Aerobic exercise can also improve cardiorespiratory fitness, and control blood sugar levels, and HbA1c in type 2 diabetics (Andrew et al., 2004). Resistance training can improve muscle strength and performance (Liao et al., 2022) and control blood sugar and HbA1c levels (Castaneda et al., 2002.; Pan et al., 2018). Aerobic and resistance training (combined) has been recommended by the European Heart Association (Colberg et al., 2010), the American Sports Medicine Association (Hordern et al., 2012), the Belgian Physical Therapy Association and the Exercise Association of Australia (Brehm et al., 2009). It was suggested that sedentary people wishing to attain the health and fitness benefits of exercise can choose from a wide range of potential exercise as so long as the effort is high (Fisher and Steele, 2014).

Pan et al. (2018( showed that performing combined training can be more effective in reducing HbA1c and consequences of diabetes, compared to aerobic and resistance training alone, but further research in this area is recommended. Very few studies have examined the effects of combined exercise on peripheral nerve function in patients with diabetic neuropathy. Based on previous studies, aerobic exercises (Dixit et al., 2014; Gholami et al., 2018) and unilateral lower extremity exercises (Cooper et al., 2016; Nadi et al., 2019) can potentially be effective through independent mechanisms, and the combination of these exercises will probably increase this effect. Therefore, the aim of this study was to investigate the effects of aerobic and unilateral lower extremity exercises on nerve conduction velocity and amplitude in sensory and motor nerves.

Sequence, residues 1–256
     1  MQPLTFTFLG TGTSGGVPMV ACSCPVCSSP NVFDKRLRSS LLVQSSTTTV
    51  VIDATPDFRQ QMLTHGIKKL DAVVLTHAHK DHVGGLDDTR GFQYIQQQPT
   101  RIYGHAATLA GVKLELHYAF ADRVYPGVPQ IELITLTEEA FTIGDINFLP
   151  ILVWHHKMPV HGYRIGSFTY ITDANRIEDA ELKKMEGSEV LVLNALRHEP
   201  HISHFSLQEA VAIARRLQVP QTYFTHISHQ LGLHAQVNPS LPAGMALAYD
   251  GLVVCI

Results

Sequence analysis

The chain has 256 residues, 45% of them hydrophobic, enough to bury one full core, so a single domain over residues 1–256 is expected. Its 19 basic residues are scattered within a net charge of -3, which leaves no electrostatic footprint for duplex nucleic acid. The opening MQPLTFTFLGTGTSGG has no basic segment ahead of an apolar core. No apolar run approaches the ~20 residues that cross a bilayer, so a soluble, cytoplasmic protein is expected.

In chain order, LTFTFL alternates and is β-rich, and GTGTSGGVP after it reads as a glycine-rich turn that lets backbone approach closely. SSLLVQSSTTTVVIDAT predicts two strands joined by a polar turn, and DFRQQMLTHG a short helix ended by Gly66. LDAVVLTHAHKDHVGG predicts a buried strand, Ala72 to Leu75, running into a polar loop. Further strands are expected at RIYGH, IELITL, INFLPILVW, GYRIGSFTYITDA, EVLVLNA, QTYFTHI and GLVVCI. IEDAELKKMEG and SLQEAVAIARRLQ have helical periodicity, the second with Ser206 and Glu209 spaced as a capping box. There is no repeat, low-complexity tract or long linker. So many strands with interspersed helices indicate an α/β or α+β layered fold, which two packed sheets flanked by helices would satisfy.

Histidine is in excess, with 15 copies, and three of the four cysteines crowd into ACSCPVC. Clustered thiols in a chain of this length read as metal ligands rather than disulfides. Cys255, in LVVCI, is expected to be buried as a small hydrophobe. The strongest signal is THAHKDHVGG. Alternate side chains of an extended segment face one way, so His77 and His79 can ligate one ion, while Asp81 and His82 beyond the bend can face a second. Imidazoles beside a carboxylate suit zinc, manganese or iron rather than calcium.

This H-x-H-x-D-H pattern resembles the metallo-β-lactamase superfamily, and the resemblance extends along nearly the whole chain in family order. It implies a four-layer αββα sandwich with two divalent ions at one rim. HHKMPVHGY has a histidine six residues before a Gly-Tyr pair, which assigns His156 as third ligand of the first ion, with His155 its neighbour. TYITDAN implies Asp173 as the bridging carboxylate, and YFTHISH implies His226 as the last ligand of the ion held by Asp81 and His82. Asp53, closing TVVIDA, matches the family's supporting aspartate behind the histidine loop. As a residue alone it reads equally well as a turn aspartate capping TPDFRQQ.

The research was a quasi-experimental two-group study (experimental and control) with pre-/post-test measurements. Twenty-eight participants were recruited for this study among patients referred to the Research Institute of Endocrinology and Metabolism of the Iran University of Medical Sciences (men and women) with diagnosed type 2 diabetes with peripheral neuropathy in the age range of 30 to 60 years. The participant recruitment flow chart is shown in Figure 1. Twenty individuals completed the intervention (11 women and 9 men). They had not undergone any regular resistance training within the past 1 year and had no previous musculoskeletal injuries of the extremities before the study. They were provided with a detailed explanation of the study protocol before participation and signed an informed consent form. The study was approved by the Ethics Committee of the University of Tehran and registered in the Iranian Clinical Trial Registration Canter (IR.UT.SPORT.REC.1400.014).

Figure 1

Participants’ recruitment flow chart.